A day after we learned that the PS5 internal storage may be capped at 667GB, Sony has confirmed that we’ll have to live with that amount of space for a while. While the console will eventually get expandable SSD storage, you won’t be able to buy any at launch, nor in the near future.
Sony confirmed today that the PS5’s internal slot for M.2 SSDs is disabled by default, reports The Verge, so nothing will happen if you slot one inside. Sony will activate the functionality in ‘a future update’, but gives no indication of when this will be.
Here’s why this is a concern: with each new next-gen game announcement, we’re learning just how massive PS5 game install sizes are. So far, we know that Demon’s Souls sits at 66 GB, Marvel’s Spider-Man: Miles Morales hits up to 105GB for the Ultimate Edition, and Call of Duty: Black Ops Cold War was revealed today to be 133 GB.
Put together, just those three games would take up around 45% of your SSD storage space (assuming the ‘667 GB usable storage’ leak is accurate). Add in the massive number of titles confirmed on our PS5 games list, and if their beautiful graphics are anything to go by, you’ll likely need a dozen terabytes to host them all.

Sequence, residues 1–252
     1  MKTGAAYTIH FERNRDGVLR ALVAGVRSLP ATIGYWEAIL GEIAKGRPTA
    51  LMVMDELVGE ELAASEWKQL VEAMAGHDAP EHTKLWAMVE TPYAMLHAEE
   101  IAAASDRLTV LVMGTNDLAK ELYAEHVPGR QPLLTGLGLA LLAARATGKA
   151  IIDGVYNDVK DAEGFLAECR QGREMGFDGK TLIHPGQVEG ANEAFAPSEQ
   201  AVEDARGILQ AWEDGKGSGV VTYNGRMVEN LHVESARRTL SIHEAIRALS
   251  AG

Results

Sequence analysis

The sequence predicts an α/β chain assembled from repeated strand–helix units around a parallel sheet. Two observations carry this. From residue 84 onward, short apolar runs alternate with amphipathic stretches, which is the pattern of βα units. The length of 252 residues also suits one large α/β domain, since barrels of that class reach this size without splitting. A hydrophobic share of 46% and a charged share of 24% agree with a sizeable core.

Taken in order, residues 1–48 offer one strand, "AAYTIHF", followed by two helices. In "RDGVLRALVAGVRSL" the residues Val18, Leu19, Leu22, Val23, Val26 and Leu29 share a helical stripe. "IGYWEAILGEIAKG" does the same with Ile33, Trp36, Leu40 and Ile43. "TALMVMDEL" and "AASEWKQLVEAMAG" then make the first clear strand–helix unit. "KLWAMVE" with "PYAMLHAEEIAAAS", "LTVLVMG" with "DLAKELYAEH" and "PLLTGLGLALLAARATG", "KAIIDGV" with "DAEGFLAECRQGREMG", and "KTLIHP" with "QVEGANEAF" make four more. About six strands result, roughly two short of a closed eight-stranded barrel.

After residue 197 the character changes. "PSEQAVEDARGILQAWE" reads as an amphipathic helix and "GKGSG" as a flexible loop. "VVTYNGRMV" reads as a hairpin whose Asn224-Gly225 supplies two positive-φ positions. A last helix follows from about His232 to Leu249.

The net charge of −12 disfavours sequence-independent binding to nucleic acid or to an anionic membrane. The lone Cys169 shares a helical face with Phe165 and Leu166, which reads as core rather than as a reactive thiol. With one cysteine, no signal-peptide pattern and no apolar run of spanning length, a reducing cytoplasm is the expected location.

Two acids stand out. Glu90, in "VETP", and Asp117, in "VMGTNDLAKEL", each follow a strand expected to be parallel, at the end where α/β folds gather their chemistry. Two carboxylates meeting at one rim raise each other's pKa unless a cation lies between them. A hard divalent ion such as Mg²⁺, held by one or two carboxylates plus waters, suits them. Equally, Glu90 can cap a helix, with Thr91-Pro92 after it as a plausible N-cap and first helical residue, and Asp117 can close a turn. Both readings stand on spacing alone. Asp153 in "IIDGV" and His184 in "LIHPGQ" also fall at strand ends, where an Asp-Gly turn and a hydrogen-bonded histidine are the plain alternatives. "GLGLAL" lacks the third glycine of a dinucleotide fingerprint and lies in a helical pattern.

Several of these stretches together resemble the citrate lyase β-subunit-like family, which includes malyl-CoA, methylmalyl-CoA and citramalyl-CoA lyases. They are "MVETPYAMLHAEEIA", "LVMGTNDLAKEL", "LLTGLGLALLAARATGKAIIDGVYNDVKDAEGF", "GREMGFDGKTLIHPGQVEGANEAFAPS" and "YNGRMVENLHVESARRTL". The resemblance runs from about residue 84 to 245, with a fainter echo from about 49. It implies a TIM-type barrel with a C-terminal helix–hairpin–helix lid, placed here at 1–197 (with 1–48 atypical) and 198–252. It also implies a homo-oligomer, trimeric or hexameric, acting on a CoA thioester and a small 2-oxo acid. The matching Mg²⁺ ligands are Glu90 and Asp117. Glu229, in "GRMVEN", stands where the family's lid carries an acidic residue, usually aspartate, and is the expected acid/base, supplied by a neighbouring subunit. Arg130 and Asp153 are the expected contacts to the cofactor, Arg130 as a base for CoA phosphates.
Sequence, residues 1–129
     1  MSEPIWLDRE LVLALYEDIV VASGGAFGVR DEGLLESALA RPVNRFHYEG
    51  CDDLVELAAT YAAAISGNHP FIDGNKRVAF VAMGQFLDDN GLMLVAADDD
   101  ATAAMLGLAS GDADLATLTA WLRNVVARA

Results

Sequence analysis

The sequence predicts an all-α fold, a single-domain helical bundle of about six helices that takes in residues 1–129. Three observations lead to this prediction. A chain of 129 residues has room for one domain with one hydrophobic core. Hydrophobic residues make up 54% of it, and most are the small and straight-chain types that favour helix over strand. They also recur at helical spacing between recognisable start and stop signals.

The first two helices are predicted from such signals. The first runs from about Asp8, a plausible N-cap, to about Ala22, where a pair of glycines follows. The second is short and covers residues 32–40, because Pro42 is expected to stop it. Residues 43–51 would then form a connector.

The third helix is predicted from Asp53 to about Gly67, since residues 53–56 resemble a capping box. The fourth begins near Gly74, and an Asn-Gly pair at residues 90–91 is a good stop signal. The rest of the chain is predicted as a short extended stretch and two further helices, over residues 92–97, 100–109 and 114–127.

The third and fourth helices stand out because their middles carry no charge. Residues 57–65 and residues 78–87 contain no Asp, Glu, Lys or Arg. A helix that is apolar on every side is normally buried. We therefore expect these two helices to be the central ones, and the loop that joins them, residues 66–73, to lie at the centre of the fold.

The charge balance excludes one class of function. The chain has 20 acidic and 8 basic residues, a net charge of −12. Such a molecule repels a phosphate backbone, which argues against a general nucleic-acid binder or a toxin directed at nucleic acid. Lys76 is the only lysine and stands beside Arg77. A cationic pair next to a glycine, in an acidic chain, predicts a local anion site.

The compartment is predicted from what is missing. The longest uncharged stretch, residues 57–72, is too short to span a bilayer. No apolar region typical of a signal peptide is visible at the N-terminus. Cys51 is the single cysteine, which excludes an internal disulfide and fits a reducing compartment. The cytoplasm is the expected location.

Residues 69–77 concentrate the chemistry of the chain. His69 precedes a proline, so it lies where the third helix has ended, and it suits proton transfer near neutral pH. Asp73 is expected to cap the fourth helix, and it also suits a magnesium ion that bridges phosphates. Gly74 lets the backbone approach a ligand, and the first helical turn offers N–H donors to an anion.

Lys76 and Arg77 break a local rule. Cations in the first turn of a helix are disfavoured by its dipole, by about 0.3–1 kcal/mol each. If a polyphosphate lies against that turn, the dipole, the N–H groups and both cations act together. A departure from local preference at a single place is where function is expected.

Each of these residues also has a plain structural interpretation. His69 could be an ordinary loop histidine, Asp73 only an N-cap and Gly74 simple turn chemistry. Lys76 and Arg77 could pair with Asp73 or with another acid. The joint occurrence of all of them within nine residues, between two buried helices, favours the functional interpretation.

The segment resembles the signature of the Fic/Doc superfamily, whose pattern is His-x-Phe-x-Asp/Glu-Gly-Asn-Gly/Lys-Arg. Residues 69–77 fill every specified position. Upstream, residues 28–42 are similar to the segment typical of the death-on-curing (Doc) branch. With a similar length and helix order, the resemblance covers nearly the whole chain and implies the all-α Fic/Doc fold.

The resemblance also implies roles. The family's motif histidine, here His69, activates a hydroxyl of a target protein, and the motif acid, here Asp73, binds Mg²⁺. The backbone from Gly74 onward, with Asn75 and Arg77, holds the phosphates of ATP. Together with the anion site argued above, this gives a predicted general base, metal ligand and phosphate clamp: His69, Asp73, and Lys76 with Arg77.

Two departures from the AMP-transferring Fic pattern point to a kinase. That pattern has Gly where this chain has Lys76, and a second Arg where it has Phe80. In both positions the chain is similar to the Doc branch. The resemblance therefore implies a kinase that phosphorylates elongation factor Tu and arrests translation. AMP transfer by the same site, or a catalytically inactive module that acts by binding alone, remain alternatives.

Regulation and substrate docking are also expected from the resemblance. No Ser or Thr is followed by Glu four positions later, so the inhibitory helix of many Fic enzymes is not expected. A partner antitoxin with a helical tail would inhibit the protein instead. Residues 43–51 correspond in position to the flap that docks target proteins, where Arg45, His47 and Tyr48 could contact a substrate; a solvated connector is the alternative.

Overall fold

That doesn’t mean you can’t play as many PS5 games as you can afford. You’ll just need to be more careful about deleting games once you’re done playing them to help your internal SSD fit your latest purchases.
Our only hope is that Sony will make that storage update soon, and that the cost for a compatible M.2 SSD won’t be too high.
In more positive storage news, Sony released a video today (see below) detailing all the different ways to transfer your old PS4 games data to your new console, including using an ethernet cable or attaching an external HDD. So at least your backwards compatible games won’t take up even more precious space.
Why the PS5 expandable SSD delay?
In March 2020, Sony hardware architect Mark Cerny gave a presentation outlining some of the upcoming console’s innovations. This included a discussion about expandable storage and the timeline for when the console would support it.
Cerny says the ‘catch’ of inserting a commercial SSD into the PS5 is that it ‘must be at least as fast as ours,’ meaning it needs to hit 5.5 GB/s. He said that certain PCIe 4.0 SSDs can now hit up to 7GB, but these devices may not physically fit inside the PS5 slot, because there’s no standard height for an M2 drive and some have their own heat sinks or fans that make them too wide.
The PS5 may also need to do some work in reprioritizing the external SSD to work with its architecture, so it may need to be much higher than 5.5GB/s in pure specs to hit that speed for Sony’s console.
Until Sony finishes testing which SSDs will work internally, then releases a list of compatible drives and pushes the update, you’ll have to stick with the storage space you have.